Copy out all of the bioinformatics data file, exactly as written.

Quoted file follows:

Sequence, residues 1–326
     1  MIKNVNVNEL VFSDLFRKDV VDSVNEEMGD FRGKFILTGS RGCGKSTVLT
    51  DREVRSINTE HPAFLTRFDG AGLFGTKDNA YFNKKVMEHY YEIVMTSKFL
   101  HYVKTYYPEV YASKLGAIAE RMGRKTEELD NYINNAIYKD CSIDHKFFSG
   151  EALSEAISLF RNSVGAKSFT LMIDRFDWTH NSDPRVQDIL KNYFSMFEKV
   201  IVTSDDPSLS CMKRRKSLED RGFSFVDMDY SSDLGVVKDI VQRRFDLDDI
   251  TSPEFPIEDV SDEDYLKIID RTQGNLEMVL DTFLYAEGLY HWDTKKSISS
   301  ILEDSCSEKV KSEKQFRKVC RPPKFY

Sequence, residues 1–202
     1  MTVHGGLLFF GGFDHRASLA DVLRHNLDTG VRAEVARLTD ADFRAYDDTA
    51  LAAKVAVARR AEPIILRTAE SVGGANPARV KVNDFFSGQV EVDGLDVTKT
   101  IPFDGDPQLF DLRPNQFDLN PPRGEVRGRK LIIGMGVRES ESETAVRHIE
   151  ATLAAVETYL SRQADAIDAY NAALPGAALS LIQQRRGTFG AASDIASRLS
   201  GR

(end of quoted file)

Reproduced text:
Sequence, residues 1–326
     1  MIKNVNVNEL VFSDLFRKDV VDSVNEEMGD FRGKFILTGS RGCGKSTVLT
    51  DREVRSINTE HPAFLTRFDG AGLFGTKDNA YFNKKVMEHY YEIVMTSKFL
   101  HYVKTYYPEV YASKLGAIAE RMGRKTEELD NYINNAIYKD CSIDHKFFSG
   151  EALSEAISLF RNSVGAKSFT LMIDRFDWTH NSDPRVQDIL KNYFSMFEKV
   201  IVTSDDPSLS CMKRRKSLED RGFSFVDMDY SSDLGVVKDI VQRRFDLDDI
   251  TSPEFPIEDV SDEDYLKIID RTQGNLEMVL DTFLYAEGLY HWDTKKSISS
   301  ILEDSCSEKV KSEKQFRKVC RPPKFY

Sequence, residues 1–202
     1  MTVHGGLLFF GGFDHRASLA DVLRHNLDTG VRAEVARLTD ADFRAYDDTA
    51  LAAKVAVARR AEPIILRTAE SVGGANPARV KVNDFFSGQV EVDGLDVTKT
   101  IPFDGDPQLF DLRPNQFDLN PPRGEVRGRK LIIGMGVRES ESETAVRHIE
   151  ATLAAVETYL SRQADAIDAY NAALPGAALS LIQQRRGTFG AASDIASRLS
   201  GR